Parkinson's disease (PD) is a debilitating, age-related neurological condition affecting nearly 1% of the population and growing with a projected annual cost of over $50 billion in the United States alone by 2040. The motor signs of the disease include muscular rigidity, bradykinesia, akinesia, shuffled and unstable gait, and resting tremor. Electrophysiological studies in Parkinsonian patients, 6-OHDA rats, and MPTP-treated, non- human primates have consistently found increased incidences of bursting and an increase in synchronization between basal ganglia neurons. It is likely that this abnormal activity reaches the motor cortex through the thalamus since basal ganglia output neurons strongly project to the motor thalamus. These studies have also suggested that this abnormal activity may underlie the motor symptoms seen in the disease and that interventions that disrupt this activity may be therapeutic. The difficulties in understanding the relationship between abnormal basal ganglia activity and motor dysfunction in Parkinsonian patients and in animal models of the disease is that brain activity changes in these subjects are widespread so that a link between specific basal ganglia activity and the emergence of Parkinsonian signs and symptoms cannot be made with certainty. If abnormal bursting emanating from the basal ganglia is responsible for motor dysfunction in PD then experimentally generating bursts in basal ganglia output neurons should be sufficient to cause motor dysfunction in healthy controls. The proposed research is designed to test this hypothesis in normal mice. Specifically, we will investigate the classic PD symptoms of muscular rigidity and akinesia/bradykinesia. We will first determine how motor thalamic neurons integrate bursts that are pharmacologically or optogenetically evoked in the major output nucleus of the basal ganglia, the substantia nigra pars reticulata (SNpr), in anesthetized mice during cortical slow-wave activity and a cortically-activated, desynchronized state. We will next determine how evoked bursting in the SNpr can cause rigidity using a combination of simultaneous neural and electromyographic recordings. Finally, we will also investigate how evoked SNpr bursting can cause akinesia/bradykinesia in mice performing a lever-pressing task. The contribution of the proposed research is that it will provide a detailed understanding of the relationship between abnormal burst firing in basal ganglia output nuclei and motor dysfunction.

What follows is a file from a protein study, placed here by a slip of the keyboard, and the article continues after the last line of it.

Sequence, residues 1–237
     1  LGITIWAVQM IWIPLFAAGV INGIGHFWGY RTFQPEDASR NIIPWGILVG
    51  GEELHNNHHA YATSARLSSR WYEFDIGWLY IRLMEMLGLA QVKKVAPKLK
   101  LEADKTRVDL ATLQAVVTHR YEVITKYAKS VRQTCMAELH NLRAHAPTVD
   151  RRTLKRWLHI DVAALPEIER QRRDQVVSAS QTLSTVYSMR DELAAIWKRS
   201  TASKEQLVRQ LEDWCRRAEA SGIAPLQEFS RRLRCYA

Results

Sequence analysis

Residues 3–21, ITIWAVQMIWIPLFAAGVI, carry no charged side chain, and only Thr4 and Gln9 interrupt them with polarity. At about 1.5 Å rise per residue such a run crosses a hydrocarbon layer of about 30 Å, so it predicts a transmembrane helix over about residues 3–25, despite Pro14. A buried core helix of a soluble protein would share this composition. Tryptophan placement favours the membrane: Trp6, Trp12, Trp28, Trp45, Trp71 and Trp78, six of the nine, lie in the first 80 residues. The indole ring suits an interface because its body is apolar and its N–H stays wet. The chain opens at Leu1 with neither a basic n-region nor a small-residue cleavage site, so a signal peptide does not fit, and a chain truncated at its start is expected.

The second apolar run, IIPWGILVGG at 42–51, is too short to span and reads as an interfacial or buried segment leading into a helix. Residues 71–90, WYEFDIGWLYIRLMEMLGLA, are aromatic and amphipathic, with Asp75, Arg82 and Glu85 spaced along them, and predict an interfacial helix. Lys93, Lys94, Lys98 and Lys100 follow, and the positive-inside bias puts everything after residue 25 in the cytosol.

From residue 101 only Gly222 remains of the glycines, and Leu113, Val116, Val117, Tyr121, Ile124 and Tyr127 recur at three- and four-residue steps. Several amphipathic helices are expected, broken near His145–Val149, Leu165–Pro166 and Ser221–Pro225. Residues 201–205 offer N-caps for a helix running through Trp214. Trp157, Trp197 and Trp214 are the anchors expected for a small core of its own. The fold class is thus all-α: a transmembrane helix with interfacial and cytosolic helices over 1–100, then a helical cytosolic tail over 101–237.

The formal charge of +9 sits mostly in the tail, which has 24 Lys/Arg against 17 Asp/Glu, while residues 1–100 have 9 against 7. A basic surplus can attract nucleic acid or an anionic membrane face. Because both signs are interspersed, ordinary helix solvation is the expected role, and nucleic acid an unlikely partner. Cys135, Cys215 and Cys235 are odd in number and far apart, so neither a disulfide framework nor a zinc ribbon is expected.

Parkinson's disease is a debilitating, age-related neurological condition with motor signs that may include muscular rigidity, bradykinesia, shuffled and unstable gait, and resting tremor. These motor symptoms may be due to abnormal bursting and oscillatory activity in the basal ganglia that is transmitted to the cortex via the motor thalamus. The proposed research will investigate how thalamic neurons integrate bursts evoked in basal ganglia output nuclei and how faithful propagation of this abnormal activity to the motor cortex can cause motor dysfunction in healthy mice.
|Lobb, Cj (2014) Abnormal Bursting as a Pathophysiological Mechanism in Parkinson's Disease. Basal Ganglia 3:187-195|